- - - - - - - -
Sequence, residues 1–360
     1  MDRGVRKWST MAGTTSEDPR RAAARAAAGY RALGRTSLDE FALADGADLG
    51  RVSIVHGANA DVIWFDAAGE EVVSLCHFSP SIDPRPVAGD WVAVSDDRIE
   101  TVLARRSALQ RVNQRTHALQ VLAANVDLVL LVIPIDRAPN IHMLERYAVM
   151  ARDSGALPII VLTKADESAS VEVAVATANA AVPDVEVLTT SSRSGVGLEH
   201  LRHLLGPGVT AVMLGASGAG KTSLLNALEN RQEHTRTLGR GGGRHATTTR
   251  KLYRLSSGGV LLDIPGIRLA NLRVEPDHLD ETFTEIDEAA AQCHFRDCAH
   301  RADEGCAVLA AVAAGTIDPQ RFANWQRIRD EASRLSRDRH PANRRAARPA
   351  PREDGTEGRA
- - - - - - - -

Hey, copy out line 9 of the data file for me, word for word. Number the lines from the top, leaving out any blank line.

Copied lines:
   351  PREDGTEGRA